In Deep: A (Brief) History of Islam in Oman

BY Africa and Middle East | Oman

Oman is an undiscovered gem of a country. Utterly unlike the glittering towers and artifice of neighbouring Dubai (just two hours away), it maintains the perfect balance of calm and tranquility. While the capital of Muscat is no stranger to development, when you begin to explore the country itself, you’ll find a unique juxtaposition between lush wadis (oases), rugged red cliffs, blindingly white beaches and the peaks of the Jebel Akhdar, the Green Mountain.

Historically, Oman embraced Islam during the life of the prophet Mohamed. Most Omanis (about three-quarters of the country) belong to the Ibadi Muslim faith—meaning they are followers of the Abd Allah ibn Ibad—but there are some Shia and Sunni Muslims as well. Oman is the only country in the Muslim world with an Ibadi-majority population.

Ibadism is an offshoot of the Kharijite movement that began after the death of the Prophet Mohammed in 632 A.D., predating both the Sunni and Shia denominations. The Ibadis believe that the leadership of Islam should not be hereditary. Rather, they believe that the Imam is the spiritual and political leader of the community. The Imam is elected by the community and must possess high spiritual and personal qualities. The Imam is elected by a council of prominent laymen and sheiks. Ibadism is a minority religion and Oman’s adherence to it has played a role in its historic isolation.

Muslims always pray facing Mecca. This means most Omanis pray facing northwest. Before entering a Mosque, a Muslim must perform a traditional washing ceremony.

The five pillars of Islam are:
• Believe in God and profess that there is no other God but Allah
• Pray five times a day facing Mecca
• Fast for the Holy Month of Ramadan
• Help the poor and the needy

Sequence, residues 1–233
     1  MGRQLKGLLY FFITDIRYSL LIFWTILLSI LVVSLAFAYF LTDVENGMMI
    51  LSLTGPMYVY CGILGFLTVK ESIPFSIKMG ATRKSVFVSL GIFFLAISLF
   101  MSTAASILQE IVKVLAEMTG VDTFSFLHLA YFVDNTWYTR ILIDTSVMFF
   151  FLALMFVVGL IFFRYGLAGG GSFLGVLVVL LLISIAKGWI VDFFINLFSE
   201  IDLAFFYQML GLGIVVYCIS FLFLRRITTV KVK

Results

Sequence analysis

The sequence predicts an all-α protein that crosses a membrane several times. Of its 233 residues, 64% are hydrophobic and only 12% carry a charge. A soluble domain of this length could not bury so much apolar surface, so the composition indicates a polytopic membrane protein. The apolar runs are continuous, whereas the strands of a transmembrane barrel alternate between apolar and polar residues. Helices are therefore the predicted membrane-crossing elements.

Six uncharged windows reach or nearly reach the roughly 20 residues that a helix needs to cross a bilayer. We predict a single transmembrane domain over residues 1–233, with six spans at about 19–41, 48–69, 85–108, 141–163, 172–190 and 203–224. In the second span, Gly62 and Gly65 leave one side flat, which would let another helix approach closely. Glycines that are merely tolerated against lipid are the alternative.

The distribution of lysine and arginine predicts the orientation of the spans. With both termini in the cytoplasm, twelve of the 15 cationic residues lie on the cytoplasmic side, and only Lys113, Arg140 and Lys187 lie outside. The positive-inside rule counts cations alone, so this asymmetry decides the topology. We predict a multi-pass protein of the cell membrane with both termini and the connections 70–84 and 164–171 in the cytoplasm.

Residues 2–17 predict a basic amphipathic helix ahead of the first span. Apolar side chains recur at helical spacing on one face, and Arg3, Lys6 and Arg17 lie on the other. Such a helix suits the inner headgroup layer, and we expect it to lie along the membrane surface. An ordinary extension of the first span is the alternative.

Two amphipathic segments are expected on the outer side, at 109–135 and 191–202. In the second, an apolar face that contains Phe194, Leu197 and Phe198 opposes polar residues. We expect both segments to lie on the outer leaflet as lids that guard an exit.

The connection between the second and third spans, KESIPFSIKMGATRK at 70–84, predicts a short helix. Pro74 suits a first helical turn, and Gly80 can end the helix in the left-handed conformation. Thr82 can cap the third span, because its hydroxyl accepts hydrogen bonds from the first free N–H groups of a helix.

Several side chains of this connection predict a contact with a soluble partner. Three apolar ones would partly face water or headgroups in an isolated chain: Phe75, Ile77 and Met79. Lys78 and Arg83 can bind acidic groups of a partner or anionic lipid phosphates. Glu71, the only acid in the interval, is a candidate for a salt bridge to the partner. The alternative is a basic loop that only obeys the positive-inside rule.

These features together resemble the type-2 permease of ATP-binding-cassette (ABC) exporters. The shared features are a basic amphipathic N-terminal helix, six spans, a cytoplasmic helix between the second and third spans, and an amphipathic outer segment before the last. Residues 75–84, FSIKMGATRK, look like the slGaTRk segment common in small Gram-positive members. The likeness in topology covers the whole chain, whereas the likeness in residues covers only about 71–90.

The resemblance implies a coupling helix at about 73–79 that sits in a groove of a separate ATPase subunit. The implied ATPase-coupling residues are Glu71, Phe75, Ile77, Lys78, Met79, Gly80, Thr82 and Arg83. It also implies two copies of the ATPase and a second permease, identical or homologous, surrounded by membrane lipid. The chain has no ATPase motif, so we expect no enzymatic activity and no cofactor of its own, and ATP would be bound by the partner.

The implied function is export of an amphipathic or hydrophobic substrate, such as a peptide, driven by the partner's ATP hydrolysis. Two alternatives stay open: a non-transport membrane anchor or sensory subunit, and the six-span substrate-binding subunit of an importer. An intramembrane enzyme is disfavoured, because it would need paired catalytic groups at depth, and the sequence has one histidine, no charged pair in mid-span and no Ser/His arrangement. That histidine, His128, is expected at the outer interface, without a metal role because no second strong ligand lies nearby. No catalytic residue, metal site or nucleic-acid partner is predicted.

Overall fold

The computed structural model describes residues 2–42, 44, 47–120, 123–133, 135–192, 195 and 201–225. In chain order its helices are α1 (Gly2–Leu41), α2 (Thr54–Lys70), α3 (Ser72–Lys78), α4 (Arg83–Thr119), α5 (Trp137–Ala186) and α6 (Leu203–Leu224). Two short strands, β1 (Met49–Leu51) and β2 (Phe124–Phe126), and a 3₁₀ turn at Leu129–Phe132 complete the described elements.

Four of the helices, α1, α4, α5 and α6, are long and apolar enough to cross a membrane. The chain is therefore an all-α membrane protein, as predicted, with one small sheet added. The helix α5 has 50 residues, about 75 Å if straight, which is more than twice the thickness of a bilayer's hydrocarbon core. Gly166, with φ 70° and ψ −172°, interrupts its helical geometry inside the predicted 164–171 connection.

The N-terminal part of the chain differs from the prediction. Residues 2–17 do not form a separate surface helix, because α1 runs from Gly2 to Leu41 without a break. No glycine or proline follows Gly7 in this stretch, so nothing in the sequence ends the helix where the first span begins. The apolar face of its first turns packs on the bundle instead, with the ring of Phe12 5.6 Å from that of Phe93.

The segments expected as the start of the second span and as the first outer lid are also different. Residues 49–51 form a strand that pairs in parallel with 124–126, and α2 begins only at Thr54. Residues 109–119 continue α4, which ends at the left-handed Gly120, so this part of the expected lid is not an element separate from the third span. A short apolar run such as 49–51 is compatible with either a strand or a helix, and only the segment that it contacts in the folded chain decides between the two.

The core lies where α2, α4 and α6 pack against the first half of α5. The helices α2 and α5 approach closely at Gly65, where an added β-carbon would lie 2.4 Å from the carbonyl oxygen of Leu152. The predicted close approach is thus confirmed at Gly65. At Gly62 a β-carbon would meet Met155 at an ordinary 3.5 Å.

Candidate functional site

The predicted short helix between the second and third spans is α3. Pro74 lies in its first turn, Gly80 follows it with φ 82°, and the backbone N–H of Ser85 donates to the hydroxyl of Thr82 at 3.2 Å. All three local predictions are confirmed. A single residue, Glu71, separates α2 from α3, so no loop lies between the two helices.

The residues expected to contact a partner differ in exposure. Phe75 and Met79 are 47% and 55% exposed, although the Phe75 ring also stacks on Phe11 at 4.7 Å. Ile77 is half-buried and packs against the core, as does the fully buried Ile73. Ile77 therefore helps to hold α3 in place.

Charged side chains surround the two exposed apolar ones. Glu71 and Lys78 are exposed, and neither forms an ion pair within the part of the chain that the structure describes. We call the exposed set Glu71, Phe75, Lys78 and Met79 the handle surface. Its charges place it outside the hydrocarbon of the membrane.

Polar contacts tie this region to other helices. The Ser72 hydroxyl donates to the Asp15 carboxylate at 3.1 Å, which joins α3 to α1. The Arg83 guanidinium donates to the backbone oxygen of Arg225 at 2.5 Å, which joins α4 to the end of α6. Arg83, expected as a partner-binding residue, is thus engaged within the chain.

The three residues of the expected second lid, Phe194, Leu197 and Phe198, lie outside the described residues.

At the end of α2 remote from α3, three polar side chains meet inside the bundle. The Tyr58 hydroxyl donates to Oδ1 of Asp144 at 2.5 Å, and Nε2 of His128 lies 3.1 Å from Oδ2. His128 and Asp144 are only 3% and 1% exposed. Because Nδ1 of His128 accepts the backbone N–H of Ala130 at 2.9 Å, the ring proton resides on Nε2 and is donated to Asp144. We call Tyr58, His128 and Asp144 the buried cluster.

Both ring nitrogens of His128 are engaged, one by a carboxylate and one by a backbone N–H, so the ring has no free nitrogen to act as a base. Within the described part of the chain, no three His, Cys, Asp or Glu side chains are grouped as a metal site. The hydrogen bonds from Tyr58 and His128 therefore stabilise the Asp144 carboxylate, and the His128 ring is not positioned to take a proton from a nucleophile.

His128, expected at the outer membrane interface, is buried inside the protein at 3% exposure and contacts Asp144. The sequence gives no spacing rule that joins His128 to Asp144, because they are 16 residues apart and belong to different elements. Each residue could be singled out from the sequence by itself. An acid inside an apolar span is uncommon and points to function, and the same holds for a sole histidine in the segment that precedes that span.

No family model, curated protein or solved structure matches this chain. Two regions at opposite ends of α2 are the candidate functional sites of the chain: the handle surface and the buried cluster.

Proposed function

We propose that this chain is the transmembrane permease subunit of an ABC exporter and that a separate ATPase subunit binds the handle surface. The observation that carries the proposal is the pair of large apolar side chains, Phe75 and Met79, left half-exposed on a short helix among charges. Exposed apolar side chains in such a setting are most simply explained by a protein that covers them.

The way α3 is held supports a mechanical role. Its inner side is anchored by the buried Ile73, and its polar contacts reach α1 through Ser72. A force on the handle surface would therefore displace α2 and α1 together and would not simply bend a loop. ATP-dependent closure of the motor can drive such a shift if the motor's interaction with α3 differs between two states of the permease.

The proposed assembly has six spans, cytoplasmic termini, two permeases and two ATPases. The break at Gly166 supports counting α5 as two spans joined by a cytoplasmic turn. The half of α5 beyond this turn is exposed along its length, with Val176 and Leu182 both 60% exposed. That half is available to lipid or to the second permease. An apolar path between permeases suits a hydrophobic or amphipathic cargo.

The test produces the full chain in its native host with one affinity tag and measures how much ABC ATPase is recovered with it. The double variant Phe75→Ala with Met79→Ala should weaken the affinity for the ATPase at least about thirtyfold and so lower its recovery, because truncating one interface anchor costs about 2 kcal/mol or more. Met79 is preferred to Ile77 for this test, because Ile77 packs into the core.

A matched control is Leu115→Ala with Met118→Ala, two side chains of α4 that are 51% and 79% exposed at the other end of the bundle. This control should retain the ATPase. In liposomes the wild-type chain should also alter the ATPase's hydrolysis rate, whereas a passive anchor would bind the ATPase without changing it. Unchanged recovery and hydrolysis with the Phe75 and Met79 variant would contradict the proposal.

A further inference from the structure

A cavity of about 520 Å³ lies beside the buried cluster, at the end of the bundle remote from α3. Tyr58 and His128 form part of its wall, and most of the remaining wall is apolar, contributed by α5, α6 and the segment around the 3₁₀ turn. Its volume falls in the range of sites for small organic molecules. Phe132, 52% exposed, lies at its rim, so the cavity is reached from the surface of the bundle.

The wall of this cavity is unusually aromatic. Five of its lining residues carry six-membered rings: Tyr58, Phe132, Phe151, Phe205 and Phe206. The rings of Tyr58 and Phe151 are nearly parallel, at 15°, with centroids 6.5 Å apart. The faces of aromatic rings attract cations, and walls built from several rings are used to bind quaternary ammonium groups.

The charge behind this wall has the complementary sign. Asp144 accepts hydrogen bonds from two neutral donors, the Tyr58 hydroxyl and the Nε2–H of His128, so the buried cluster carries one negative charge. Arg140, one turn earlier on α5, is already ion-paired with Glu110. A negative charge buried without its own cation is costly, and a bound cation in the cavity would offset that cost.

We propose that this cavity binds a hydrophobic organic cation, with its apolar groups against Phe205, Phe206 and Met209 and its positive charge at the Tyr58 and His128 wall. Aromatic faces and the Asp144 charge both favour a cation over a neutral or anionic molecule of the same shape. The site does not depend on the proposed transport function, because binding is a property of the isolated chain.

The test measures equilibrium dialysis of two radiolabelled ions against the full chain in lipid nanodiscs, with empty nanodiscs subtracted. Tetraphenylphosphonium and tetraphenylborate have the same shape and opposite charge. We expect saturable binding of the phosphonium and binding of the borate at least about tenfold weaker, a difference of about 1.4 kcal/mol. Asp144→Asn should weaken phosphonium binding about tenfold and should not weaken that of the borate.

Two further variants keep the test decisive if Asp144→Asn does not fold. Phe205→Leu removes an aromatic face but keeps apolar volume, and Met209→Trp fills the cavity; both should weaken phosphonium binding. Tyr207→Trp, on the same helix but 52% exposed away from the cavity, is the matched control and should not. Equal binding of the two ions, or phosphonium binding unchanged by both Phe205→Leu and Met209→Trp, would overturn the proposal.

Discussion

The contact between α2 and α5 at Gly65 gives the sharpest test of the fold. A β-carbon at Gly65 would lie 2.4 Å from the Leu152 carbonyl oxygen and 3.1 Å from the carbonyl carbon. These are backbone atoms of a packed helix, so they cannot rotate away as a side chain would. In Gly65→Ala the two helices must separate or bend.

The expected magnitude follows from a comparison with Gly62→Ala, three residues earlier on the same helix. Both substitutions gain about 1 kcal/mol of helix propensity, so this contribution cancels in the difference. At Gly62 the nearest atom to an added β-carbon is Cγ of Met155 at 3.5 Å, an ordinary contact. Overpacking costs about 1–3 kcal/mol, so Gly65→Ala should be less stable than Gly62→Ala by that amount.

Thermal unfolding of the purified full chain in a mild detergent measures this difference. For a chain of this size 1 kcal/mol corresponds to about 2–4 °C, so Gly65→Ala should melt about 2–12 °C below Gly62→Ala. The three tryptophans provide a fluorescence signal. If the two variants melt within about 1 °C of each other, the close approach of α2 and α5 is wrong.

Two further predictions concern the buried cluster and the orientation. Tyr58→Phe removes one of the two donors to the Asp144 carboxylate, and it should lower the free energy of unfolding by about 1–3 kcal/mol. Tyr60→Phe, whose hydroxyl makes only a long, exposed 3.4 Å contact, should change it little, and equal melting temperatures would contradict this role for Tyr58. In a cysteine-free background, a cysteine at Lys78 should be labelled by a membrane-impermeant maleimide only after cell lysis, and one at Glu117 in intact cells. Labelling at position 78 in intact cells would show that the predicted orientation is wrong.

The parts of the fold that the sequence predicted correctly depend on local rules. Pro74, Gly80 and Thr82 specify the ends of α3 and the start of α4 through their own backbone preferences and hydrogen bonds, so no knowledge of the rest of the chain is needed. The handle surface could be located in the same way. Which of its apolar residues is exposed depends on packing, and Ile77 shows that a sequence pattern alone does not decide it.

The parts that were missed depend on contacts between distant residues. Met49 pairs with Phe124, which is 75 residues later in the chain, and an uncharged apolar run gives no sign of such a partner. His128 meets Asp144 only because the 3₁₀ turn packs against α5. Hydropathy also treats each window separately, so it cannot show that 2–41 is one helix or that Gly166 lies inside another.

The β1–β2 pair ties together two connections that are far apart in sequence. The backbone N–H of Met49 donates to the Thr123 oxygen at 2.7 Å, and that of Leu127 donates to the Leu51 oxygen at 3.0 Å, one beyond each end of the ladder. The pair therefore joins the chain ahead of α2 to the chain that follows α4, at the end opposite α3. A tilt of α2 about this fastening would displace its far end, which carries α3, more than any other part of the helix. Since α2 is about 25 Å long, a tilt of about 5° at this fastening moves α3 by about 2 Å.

• If possible, go on a pilgrimage to Mecca (hajj) at least once in your lifetime

See For Yourself

On our Oman Walking trip, see what makes Oman so special: its mystical culture and ancient souks, the soaring Hajar Mountains, endless white-sand beaches, the imposing Wahiba Sands—and of course the Omani Grand Canyon.

DETAILED ITINERARY


The Grand Mosque in Muscat

Made from marble imported from Italy and Iran, the Sultan Qaboos Grand Mosque took about six years to build. The dome is a staggering 50 metres tall. But one of the most impressive things in the mosque is the woven carpet, which weighs 21,000 kg and covers 263 square metres. It took 600 weavers in Iran over four years to make. Sultan Qaboos Grand Mosque was inaugurated in May 2001.

Nizwa

Nizwa has long been an important town in Oman, with a history dating back to at least the 6th century. It was one of the first towns in the region to experience the spread of Islam, and has been considered religious and conservative in nature ever since. Nizwa has long been important for its strategic position at the centre of the copper and frankincense trade. Frankincense has been traded as long as 7,000 years ago in Oman, and was indeed more valuable than gold in ancient times.

Dibba

Located on a large natural harbour on the east coast of Musandam, this city straddles both Oman and the UAE, and has been a settlement since the pre-Islamic area. The city now comprises three distinct districts: Dibba Bayah (Oman), Hisn Dibba (Sharja), and Dibba Muhallab (Fujairah).

Dibba is a bit of a sleepy town today, but 1,400 years ago it was the sight of major resistance, and is famous in Islamic history as the sight of one of the great battles of the Ridda Wars. After the death of the prophet Mohammed, the armies east of Mecca had to establish themselves throughout Arabia. Caliph Abu Bakar sent the armies in 632 A.D. after the Adz troops in the region did not swear allegiance to the descendants of Mohammed. In and around Dibba, there are over 10,000 headstones marking the burial sites of the dead from a battle between the two forces. The battle took place in 633 A.D. and is traditionally considered to mark the end of the Muslim conquest of Arabia.

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